There are many reasons to eat a salad. But if you want to lose weight, having a salad every day could help you eat less calories and reach your goal.
One study showed that participants who ate a low-fat salad before a meal consumed fewer calories at that meal as compared to those who did not have a salad. But take care, those who loaded their salad with high-fat cheese and dressing, actually consumed MORE?calories.
The authors concluded, “Consuming a large portion of a low-energy-dense food at the start of a meal may be an effective strategy for weight management.”
Another new study shows that the consumption of acetic acid, found in vinegar, may help boost satiety - the feeling of having enough to eat - on fewer calories.
While more research is needed on the acetic acid study, it is a good idea to eat a salad topped with wholesome low-fat ingredients including plenty of vinegar. Unlike most processed salad dressings, vinegar is naturally low in sodium and fat-free.
Vegetables, nuts, fruit, dried tomatoes, lemon zest and chopped hot peppers add flavor, texture and good nutrition. Vinegar, lemon juice and fat-free dressing are best for the waist-minded.
Cheese, high-fat dressing, croutons and bacon bits make the worst topping list because they contain a fair amount of fat and/or sodium. Use these sparingly.
• Make once, serve twice - make a large bowl of salad and serve the dressing on the side. That way you can serve it again the next day.
• Make it an entree - add cooked chicken or fish to your favorite tossed salad and you have an easy and healthful entree.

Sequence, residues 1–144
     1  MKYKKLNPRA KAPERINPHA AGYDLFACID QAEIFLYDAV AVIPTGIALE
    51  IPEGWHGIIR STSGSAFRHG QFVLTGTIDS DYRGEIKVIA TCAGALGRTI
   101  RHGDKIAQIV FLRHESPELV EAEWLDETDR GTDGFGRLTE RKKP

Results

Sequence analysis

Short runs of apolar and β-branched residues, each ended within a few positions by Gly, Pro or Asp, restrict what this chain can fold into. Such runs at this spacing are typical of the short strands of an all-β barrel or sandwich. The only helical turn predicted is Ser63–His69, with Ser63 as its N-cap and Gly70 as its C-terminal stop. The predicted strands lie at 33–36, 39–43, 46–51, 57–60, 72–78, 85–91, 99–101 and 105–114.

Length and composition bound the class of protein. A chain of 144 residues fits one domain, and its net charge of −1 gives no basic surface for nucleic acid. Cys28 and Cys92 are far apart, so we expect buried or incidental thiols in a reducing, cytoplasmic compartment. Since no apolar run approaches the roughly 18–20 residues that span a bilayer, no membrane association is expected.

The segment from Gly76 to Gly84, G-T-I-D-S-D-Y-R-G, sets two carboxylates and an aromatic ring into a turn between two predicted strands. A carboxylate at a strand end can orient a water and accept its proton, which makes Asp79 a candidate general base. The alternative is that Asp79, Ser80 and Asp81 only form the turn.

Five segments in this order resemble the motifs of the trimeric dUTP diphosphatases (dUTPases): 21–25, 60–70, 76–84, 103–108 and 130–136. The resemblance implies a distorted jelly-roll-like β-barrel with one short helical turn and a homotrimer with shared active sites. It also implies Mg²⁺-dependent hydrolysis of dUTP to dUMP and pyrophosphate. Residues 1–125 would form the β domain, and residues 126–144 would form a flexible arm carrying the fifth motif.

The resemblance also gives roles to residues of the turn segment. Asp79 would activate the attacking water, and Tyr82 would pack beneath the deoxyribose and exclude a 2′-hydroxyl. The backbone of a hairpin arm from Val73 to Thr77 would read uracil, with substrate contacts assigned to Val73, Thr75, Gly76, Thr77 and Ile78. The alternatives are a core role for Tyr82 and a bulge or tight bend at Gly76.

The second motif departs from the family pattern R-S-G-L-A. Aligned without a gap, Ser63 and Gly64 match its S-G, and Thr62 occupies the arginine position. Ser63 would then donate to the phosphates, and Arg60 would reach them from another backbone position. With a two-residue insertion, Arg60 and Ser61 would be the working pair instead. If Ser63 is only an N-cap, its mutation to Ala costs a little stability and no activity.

• Put it in a pita - and you have a salad on the run.
• For easy recipes, see www.foodandhealth.com.
Skinny Tossed Salad
6 cups ready-to-serve romaine
1/2 cup cucumber, sliced
10 fresh cherry tomatoes, halved
2/3 cup grated carrots
1 teaspoon olive oil
3 tablespoons cider vinegar
Black pepper to taste
Place all ingredients for salad in a large bowl and chill until ready to serve, up to 24 hours. When ready to serve, toss salad together with vinegar, a little oil and pepper. Serve immediately.
Judy’s passion for cooking began with helping her grandmother make raisin oatmeal for breakfast. From there she earned her first food service job at 15, was accepted to the world famous Culinary Institute of America at 18 (where she graduated second in her class), and went on to the Fachschule Richemont in Switzerland where she focused on pastry arts and baking. But after learning that the quality of a croissant directly varies with how much butter it has, Judy sought to challenge herself by coming up with recipes that were as healthy as they were tasty.
Judy received The Culinary Institute of America’s Pro Chef II certification, the American Culinary Federation Bronze Medal, Gold Medal, and ACF Chef of the Year. Her enthusiasm for eating nutritiously and deliciously leads her to constantly innovate and use the latest in nutritional science to guide her creativity, from putting new twists on fajitas to adapting Italian brownies to include ingredients like toasted nuts and cooked honey. Judy’s publishing company, Food and Health Communications, is dedicated to her vision that everyone can make food that tastes as good as it is for you.